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Time for another round of name that career!
July 22, 2014 1:59 PM   Subscribe

I was wondering if any Mefites might currently work in, or know someone who works in, a career that meets the following qualifications: 1. Involves a ton of writing. Any type of writing. Even if one spends most of one's time crafting emails, that would be sufficient. 2. Is relatively easy to get into with only a bachelor's degree in a possibly unrelated subject. 3. Is generally not discriminatory based on age (in other words, someone who is in their late 40s/early 50s would not be seen as teetering on the edge of their grave).

Thanks!
posted by Sockrates to Work & Money (12 answers total) 29 users marked this as a favorite
 
Have you considered grantwriting? That should cover the "ton of writing" part.

It's a good fit for someone who has a bachelor's degree in a subject other than English or creative writing. Science-oriented organizations who depend on public and private funds need good grantwriters with a working knowledge of field subjects. Environmental science, public health, biology, just to name a few.

It's also one of those fields where being older may give you an edge. The career of a grantwriter isn't on the same trajectory as that of an i-banker, and the pressure to make it while you're young is nearly nonexistent. Especially if you have field knowledge or related degrees.
posted by Occam's Aftershave at 2:14 PM on July 22


Marketing - especially content marketing. For many industries, the age won't be an issue.
posted by stoneweaver at 2:24 PM on July 22


Proposal writing is similar to grant work, and often more lucrative due to the nature of the funding. It's not for everyone, but if you're good (you write clean copy, you work well with subject matter experts, you meet deadlines, and you're generally sane and thick-skinned and open to edits and last-minute changes), you're in demand. I do niche industry stuff, but I got here in a super-random way.

I believe the APMP group on LinkedIn is open to everyone.
posted by mochapickle at 2:33 PM on July 22


And to answer your question about age, I think folks who are in their 40s and 50s seem to get more respect in proposal work. Most of the subject matter experts and decision makers we encounter are in their 40s and 50s and simply seem more comfortable speaking with peers. This was also true when I worked in a different industry.
posted by mochapickle at 2:42 PM on July 22


Technical writing might be a possibility.
posted by cromagnon at 3:10 PM on July 22 [3 favorites]


Thirding the grant writing/proposal writing/development suggestions. Many fundraisers come into the work as a second career, so age doesn't usually enter into it, and even relatively low-level positions can come with a ton of writing, although it may be worth mentioning that it's frequently ghostwriting for an executive.
posted by Diagonalize at 3:16 PM on July 22


Depending on what your previous career/background is in, project management fits. There are a lot of parts of project management, but really communicating clearly with all the different people involved in a project means that you spend all your time writing e-mails. A lot of time taking notes and creating reports too. Add being the information repository for all things related to the project and the project manager is really an information/writing machine. And it probably pays better than fundraising or grant writing.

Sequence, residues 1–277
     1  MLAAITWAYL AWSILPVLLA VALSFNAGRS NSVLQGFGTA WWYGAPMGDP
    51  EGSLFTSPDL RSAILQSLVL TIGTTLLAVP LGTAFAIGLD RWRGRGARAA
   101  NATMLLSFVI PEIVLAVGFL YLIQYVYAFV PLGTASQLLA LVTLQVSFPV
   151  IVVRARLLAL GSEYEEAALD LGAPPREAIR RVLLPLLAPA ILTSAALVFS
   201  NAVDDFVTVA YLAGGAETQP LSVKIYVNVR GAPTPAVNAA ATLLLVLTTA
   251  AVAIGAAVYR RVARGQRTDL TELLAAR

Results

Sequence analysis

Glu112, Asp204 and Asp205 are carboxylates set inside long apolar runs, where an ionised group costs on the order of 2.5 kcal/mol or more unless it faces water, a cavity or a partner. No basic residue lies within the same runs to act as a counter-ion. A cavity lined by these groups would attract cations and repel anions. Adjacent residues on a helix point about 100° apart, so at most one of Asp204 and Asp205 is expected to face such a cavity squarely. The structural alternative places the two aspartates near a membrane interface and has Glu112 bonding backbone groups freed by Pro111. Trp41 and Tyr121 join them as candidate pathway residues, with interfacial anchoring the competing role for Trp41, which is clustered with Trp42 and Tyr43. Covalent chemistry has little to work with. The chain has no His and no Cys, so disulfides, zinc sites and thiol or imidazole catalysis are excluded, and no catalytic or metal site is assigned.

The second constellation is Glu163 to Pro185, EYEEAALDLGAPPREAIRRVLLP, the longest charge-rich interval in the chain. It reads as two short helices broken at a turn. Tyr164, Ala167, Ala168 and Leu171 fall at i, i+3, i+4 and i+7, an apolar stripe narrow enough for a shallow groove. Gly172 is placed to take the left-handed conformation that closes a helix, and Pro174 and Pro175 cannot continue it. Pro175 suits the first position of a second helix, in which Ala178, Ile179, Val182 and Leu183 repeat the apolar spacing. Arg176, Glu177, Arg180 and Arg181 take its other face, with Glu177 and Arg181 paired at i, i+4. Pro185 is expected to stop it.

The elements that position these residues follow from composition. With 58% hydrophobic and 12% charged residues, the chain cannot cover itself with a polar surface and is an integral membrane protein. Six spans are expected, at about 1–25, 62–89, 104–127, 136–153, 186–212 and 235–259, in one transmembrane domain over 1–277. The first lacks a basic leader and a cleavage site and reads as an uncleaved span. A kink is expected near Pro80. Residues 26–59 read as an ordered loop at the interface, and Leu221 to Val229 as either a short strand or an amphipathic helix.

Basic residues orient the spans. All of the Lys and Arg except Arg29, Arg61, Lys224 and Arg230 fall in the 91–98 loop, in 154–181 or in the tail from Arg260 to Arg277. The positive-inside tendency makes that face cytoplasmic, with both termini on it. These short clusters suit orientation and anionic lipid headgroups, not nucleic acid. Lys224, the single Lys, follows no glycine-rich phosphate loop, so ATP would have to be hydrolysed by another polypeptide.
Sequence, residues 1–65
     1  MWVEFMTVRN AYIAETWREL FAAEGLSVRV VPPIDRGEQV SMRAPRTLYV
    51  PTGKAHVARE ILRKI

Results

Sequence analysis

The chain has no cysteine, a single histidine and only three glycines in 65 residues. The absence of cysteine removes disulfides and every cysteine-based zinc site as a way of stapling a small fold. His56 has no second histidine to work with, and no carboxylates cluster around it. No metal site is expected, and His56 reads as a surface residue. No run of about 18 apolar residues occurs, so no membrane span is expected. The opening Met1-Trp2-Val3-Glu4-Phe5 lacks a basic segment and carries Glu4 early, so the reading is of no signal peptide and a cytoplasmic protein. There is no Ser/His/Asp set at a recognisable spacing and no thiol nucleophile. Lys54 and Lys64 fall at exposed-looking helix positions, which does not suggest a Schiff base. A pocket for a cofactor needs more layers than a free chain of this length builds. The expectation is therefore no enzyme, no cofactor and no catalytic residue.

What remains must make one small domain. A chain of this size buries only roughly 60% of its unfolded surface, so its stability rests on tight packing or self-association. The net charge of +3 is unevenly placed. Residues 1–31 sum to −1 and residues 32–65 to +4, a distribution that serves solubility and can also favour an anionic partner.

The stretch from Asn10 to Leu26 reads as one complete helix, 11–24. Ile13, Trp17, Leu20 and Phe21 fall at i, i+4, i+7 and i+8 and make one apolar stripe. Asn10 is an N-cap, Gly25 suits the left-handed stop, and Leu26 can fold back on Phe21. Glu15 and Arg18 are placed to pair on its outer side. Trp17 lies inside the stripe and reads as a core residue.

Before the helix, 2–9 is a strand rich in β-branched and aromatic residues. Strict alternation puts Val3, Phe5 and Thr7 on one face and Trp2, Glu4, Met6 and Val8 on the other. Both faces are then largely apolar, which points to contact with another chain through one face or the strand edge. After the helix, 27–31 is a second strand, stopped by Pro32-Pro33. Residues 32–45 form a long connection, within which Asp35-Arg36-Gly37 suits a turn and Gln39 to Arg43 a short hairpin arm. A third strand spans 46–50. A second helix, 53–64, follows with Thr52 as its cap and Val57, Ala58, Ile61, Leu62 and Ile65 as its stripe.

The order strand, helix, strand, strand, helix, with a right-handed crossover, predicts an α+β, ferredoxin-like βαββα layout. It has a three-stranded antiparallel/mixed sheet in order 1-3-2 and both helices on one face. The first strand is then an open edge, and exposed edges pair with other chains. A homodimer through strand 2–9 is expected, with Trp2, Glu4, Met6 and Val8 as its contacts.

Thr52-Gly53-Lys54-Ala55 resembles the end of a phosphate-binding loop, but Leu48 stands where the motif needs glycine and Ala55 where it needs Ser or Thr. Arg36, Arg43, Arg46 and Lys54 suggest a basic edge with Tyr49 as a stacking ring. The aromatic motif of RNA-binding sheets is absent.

posted by ashworth at 3:52 PM on July 22


Came in to suggest grant writing. There are free courses you can take with the Foundation Center, I believe, to see if it would be a fit for you. Get started by volunteering to write proposals for free.

There's also a growing market for content marketing- blog posts, tweets, Facebook posts, etc.
posted by betsybetsy at 4:37 PM on July 22 [3 favorites]


Not necessarily grant writing specifically, but I'm a professional fundraiser and about 80% of what I do is write -- I write emails (personal and general), copy for fliers and brochures, letters (personal and general), press releases, reports, you name it. If a marketing person writes it, so do I.

In my first career I was a technical trainer, so I definitely got into this with an unrelated degree. And, in general, so long as the person is more-or-less up to date on email and web marketing, age isn't a big deal in nonprofits (although salaries can be low).
posted by anastasiav at 4:41 PM on July 22


Ghost writer/work-for-hire author. There's a secret underground of books written by people whose name is not on the cover, from celebrity memoirs to CEO asperationals to media tie-in series to cookbooks. Also look into "content strategy", which seems to be code for web copywriter.
posted by libraryhead at 4:43 PM on July 22


I was a tech writer before transitioning into software development, and when I was tech writing the age of the other writers and editors I encountered definitely skewed older than the ages of, say, the development and QA departments. Being older was not a barrier, and if anything it tended to be an asset. That being said, I think your lack of previous tech writing experience will be a more difficult obstacle to overcome if you choose to pursue technical writing as a career. Even with a B.A. in English and additional tech writing coursework (such as through a university extension program), it can be a difficult field to break into.
posted by mosk at 4:58 PM on July 22


it can be a difficult field to break into.

It can. But I found my first tech writing job through a recruiter and my first proposal job from a reference. Both were temporary contracts. Temporary contracts might not appeal to you if you're working full time, but if you're in between jobs, it wouldn't hurt to look into technical temp agencies or STC listings.
posted by mochapickle at 11:57 AM on July 23


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